Custom software isn’t like a daily vente latte — it should come with zero feelings of guilt. If your company is considering custom software, you want to know that you’re going to see a return of one sort or another. But each company is unique, and each project is different. How can you know what kind of return to expect?
Software can deliver myriad benefits with calculable ROI, but not all will apply to your business. In this article, we’ll look at several of the most common, and offer some guidance on how to assess the business impact of each. Then you can choose the ones that apply to your situation and run the numbers.
Will It Help You Sell More of Your Products or Services?
Companies are always asking, “How can we sell more of our products and services?” Custom apps can make the answer to this question simple. Consider the time savings that Starbucks provides with its app’s online ordering capability. Customers no longer have to wait in line, so more people will be able to stop in for a purchase, even when they’re in a rush. Panera is experimenting with the same concept, in stores.
Will It Help You Sell a New Product or Service?
In the age of app-driven services, custom app development can be the key that opens a door to a completely new product or service. Think Lyft, TaskRabbit, Headspace, and Spotify. Potential revenue from a brand new offering is notoriously difficult to predict. Existing companies will be able to estimate potential revenue based on historical numbers from similar products or services that share a similar target market. Startups should be cautious and err on the conservative side when projecting revenue.
Will It Help You Retain Customers That May Otherwise Leave?
Customers’ situations change, and what used to be convenient may no longer be. Barre3 has a loyal customer base, but not everyone can consistently get to a studio if they don’t live near one. Customers who move or whose schedules no longer allow them to make the trek can access the workouts via an online hub, where they can also participate in challenges and find tips and advice — just like in the studio. Take a look at your customer churn rate, and send a survey to old customers, asking if an online offering would be attractive to them.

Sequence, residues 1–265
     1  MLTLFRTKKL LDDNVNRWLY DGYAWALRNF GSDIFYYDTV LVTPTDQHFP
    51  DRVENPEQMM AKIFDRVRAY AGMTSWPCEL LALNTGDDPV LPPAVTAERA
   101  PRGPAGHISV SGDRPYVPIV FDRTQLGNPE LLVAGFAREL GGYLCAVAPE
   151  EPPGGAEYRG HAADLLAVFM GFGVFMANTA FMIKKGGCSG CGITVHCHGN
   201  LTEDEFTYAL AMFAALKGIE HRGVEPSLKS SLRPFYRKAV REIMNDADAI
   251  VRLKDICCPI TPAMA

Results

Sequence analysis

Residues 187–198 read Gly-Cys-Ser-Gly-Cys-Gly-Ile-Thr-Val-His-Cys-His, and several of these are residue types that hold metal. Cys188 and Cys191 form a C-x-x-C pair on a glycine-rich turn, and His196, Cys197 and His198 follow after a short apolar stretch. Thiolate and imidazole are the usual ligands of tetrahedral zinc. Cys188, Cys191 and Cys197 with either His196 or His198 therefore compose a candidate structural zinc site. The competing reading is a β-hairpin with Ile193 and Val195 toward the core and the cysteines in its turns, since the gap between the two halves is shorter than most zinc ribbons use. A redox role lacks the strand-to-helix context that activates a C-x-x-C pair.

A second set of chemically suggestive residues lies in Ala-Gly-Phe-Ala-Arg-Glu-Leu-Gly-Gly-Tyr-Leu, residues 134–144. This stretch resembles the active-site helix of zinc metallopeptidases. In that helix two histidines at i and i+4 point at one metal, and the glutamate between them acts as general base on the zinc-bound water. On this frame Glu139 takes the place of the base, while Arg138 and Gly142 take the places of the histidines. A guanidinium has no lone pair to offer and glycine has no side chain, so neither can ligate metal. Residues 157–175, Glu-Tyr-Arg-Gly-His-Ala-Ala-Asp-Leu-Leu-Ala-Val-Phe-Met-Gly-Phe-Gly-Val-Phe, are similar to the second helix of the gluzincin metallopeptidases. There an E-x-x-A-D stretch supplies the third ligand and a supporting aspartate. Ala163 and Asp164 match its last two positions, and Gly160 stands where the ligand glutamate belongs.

Will It Reduce the Resources Dedicated to Customer Service?
Customer service is a significant expense to many businesses. What if you could reduce that cost with the help of automated software? If customers could find the answers to their questions easily online, or conveniently service themselves, you can cut costs. You’ll need to estimate the amount or number of resources that could be saved in your specific business process. Could you save 10%? 20%? More? Also consider opportunity cost — what could your employees be doing instead with the time they’re currently spending on unnecessary calls?
Will It Save Your Employees Time?
As we’ve just mentioned, your team members’ time is money. By making your employees more productive, what additional work could they accomplish? How would that work help you move toward your goals? Automating business processes frees time that your team members can spend on more important work.
Will It Improve Asset Management?
If you operate a facility, would custom software help you improve maintenance? Will it enable you to better manage inventory? How much money are you currently wasting in downtime?
Will It Improve Supply Chain Management?
Would business intelligence that gives you insight into bottlenecks and slowdowns allow you to make changes that will improve your processes? What would increased speed do for your profitability?
Will It Enable You to Avoid Fines and Other Costs of Mistakes?
Mistakes are costly, especially when they trigger fines. HIPPA or OSHA violations can be significant, and if you’ve ever experienced these, you know how they can hurt. Custom software can provide not only systems that minimize your risk, but also create paper trails in case you’re audited.
While there are other benefits that custom software can provide, these are the most common. Be sure to add all those that apply to your company into your calculation. Now let’s look at the cost of custom software.
The Cost of Custom Software
The initial cost of development is only one element of the cost of custom software. Here’s the breakdown of everything you should consider.
Initial Development — While many developers aren’t skilled in scoping projects, a good software development company will know how to scope a solution that helps you reach your objectives and provide a reliable estimate for the project.
Ongoing Bug Fixes — Even if your software development company does extensive testing, every software solution will experience bugs when it gets out into the real world. If you plan ahead for these inevitable fixes, keeping an error log to make fixes easier, you’ll limit the expense of bug fixes. Your software company should be able to tell you what to expect.
Hosting — The cost of hosting will vary depending on the requirements of your specific solution, but your software company can tell you what to plan for.
Feature Upgrades — Chances are, you’ll want to add features, as customers request them or you see how you could experience even greater benefits. It’s smart to plan ahead for these.
A good software development company will be able to advise you on how to get the most out of your software solution, and help you plan for the costs. Want to chat about a potential project? Tell us about it!